LinkedIn’s VP Rosanna Durruthy discusses allyship at work

LinkedIn’s VP Rosanna Durruthy discusses allyship at work

 February 21, 2022

LinkedIn, Vice President, Global Diversity, Inclusion and Belonging, Rosanna Durruthy, knows that businesses have the power to enact real change to dissolve the many barriers Black professionals and other communities of color face to accessing economic opportunity.

Rosanna recognizes that it is critical for both companies and individuals to play a leading role in building an equitable future for all, and states that looking inward, as well as at the world around you to ensure you’re demonstrating the change you want to see, is the marker for initiating equitable change.

Active allyship in the workplace 

Rosanna explains that business leaders and individuals must put in the work to examine and confront not only personal biases, but systemic bias where they are supported by institutional power and dominance – “From there, we can build actionable change.”

“Women and underrepresented groups alone cannot solve diversity and inclusion problems. An ally is a person who stands up for others to proactively build inclusion in our workplace. And active allyship is a key driver to an inclusive culture, yet our research found that almost half of Black professionals (48%) do not know someone who they consider to be an ally at their place of work. This lack of allyship has consequences - over 1 in 4 (26%) Black professionals feel isolated at work, and 1 in 3 (33%) have experienced discrimination and/or microaggressions in their workplace,” explains Rosa.

Rosanna highlights that allyship must be active and actionable, not performative or contrived, and that it’s a daily practice that must be sustained through regular education and action.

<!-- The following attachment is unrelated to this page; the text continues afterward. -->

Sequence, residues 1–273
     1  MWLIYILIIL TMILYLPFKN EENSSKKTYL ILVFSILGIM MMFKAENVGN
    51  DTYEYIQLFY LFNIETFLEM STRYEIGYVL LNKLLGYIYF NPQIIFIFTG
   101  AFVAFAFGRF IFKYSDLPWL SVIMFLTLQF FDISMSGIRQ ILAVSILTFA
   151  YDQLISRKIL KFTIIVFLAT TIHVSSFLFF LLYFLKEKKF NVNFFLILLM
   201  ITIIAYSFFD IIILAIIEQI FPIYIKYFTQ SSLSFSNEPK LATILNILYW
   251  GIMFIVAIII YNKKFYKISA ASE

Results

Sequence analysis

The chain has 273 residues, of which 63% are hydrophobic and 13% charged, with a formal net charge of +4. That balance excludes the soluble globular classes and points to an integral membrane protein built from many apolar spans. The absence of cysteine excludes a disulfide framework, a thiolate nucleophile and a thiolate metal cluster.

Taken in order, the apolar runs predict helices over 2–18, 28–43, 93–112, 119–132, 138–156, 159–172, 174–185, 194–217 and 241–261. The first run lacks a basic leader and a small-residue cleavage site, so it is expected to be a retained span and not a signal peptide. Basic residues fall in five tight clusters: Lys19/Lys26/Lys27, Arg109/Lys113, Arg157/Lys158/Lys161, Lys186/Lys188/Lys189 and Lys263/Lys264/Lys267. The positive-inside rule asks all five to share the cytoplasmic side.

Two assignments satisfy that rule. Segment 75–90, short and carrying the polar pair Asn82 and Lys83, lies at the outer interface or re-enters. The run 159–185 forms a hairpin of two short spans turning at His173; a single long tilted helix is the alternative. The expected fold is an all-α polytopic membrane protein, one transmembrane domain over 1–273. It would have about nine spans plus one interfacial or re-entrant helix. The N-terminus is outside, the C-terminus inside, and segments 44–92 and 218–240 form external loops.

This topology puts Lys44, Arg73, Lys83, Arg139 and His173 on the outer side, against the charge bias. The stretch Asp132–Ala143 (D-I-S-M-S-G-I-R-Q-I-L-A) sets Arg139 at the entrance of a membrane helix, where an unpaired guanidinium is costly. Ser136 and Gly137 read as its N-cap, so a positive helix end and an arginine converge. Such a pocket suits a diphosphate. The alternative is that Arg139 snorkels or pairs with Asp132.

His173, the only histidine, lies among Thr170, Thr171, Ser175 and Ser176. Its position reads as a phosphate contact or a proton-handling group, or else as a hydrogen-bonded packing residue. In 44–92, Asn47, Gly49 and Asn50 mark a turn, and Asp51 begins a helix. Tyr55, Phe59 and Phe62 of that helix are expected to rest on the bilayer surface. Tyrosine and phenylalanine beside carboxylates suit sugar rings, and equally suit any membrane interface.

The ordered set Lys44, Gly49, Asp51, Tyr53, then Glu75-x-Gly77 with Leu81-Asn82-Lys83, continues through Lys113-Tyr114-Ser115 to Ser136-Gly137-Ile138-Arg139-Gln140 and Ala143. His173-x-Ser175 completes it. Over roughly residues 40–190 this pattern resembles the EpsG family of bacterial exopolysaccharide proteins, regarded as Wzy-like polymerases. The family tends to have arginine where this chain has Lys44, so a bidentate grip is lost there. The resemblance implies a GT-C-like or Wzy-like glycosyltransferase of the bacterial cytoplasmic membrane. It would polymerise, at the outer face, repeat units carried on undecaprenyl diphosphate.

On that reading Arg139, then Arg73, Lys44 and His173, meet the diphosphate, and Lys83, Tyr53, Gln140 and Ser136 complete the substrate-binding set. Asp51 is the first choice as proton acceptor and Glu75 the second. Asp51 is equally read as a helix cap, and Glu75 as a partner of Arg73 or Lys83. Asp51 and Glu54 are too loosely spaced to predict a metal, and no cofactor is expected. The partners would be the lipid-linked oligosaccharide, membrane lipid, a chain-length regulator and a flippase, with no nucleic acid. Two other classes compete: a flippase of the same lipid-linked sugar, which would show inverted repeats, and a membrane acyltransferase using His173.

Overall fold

“As employees, connect with and lend support to your peers and explore where you can be creating opportunities, building professional bonds, and acting as a resource and advocate for others in your professional community,” comments Rosanna. 

The value of mentorship

LinkedIn found that over half (51%) of professionals do not have access to an internal mentorship program to begin with and of those that do, 33% of Black professionals report having a hard time finding a mentor they feel who truly understands them.

“By creating strong mentorship and sponsorship opportunities, companies can help strengthen bonds within the organization, foster more growth and help retain employees. Making this a formal, structured process within an organization helps employees see that their growth and advancement is a priority, and puts structures in place to make an impact,” says Rosanna. 

Building an equitable workplace 

LinkedIn has a vision to create economic opportunity for every member of the global workforce and says it has a responsibility to intentionally address equity and inclusion both within its workforce and for its millions of members and customers.

“Our increased and renewed focus on diverse candidate slates and new investments in onboarding, mentorship, and sponsorship are key focus areas for us,” explains Rosanna. 

“We've rolled out a company-wide learning curriculum and accountability framework for our people managers because we know that managers have an outsized impact on hiring and promotion decisions, coaching and developing the people on their teams, and setting the tone for an inclusive culture.”

Read the article in full. 


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